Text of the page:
If you were in the market for a natural or organic mattress 15 years ago, your options were quite limited. Now you have much more to choose from. Unfortunately, there are many more people pretending to do natural and organic, than actually selling it.
What does a “clean” mattress mean to you? For me, it means no plastics, or synthetics. I don’t want chemical smells (off-gassing), or chemical leaching. With those criteria in mind, you aren’t facing a particularly difficult task. So let’s address this project in steps; first the components, then the comfort.
Components of Natural & Organic Mattresses
What is that mattress going to be made of? Let’s work from the outside in.
The Mattress Cover
First for the cover. Organic cotton. It’s clean. It’s not much more expensive than regular cotton, and you won’t have chemical residue near you or your family. Easy; because pretty much anything else is either going to wear poorly, contain synthetics, or have been processed chemically (even bamboo).
The Fiber in the Mattress
Below the cover, there is fiber of some sort (unless you get a prescription mattress* see below). In a truly natural/organic mattress this will be wool. Boric acid washed cotton batting is an acceptable alternative by my standards (as boric acid is similarly toxic to table salt), but not organic. If you have concerns about a wool allergy, or don’t want boric acid, rayon can be used instead (it’s cheaper too). Some companies use PLA or poly lactic acid, which is a polyester made from corn (I’m not a fan of its breathability or that it’s plastic).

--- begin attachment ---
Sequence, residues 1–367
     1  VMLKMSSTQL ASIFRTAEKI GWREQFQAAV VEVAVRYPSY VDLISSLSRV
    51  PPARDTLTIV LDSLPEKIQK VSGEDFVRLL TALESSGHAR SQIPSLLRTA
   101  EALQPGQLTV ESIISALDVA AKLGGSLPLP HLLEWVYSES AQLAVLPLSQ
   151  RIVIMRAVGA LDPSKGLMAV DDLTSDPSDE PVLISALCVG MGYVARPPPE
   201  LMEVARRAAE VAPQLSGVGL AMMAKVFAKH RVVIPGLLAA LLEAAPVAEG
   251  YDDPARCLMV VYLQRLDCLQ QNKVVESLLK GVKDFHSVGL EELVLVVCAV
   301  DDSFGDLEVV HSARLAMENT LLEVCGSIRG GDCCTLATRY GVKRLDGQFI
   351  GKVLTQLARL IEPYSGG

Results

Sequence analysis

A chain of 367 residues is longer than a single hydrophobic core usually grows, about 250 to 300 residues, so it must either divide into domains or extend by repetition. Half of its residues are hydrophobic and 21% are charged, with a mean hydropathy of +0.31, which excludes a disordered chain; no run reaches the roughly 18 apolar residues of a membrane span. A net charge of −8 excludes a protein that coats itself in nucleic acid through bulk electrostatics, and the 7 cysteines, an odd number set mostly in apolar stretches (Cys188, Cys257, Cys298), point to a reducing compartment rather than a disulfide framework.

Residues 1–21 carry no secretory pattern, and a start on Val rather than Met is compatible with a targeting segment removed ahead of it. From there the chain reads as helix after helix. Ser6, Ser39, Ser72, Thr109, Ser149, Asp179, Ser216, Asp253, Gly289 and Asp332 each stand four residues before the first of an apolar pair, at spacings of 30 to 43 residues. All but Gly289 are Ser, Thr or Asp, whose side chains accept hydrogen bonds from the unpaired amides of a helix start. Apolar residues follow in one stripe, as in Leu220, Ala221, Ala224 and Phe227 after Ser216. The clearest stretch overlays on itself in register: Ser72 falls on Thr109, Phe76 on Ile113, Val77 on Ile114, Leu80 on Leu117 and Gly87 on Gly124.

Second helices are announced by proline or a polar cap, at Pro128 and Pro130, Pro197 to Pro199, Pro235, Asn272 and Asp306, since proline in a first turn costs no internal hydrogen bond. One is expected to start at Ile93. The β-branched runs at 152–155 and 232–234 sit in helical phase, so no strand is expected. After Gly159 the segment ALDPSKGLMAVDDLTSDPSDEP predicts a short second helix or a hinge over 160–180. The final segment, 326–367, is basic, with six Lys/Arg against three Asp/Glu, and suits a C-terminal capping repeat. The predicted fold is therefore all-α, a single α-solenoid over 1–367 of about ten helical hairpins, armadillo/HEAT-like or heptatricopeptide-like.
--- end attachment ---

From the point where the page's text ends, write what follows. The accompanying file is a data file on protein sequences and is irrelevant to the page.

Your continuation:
The Support Systems for Your Natural & Organic Mattress
The most complex decision in selecting a natural/organic mattress is the support system. You might choose coils, latex rubber, or even batting materials.
Coils: Coils aren’t going to off-gas, or leach chemicals. Plus they can be quite durable; however, if the comfort is not right then you should look at these other options:
Batting: Is a futon style mattress with batting what you want? Wool or cotton batting is easy to find, but here the challenge is durability. Batting materials compress with time, and within months the feel will be different. Clean materials can be cheaper this way. So if budget is a concern, this may be your path.
Latex: Lastly, latex foam rubber is a great support system, but it’s harder to verify quality and content. Latex can be 100% botanical (from a tree), blended with petro-chemicals, or even fully synthetic; all of which can be referred to as natural or organic (which is super frustrating). The botanical latex, which is what you want, comes in broad ranges in quality; be aware that organic certifications on latex are not an indicator of quality or necessarily cleanliness. Non-organic materials will be added to the rubber prior to vulcanization. If certifications are what you want to see, the Oeko-Tex certification is a better indication of product cleanliness, because they test the finished product rather than one component going into the process.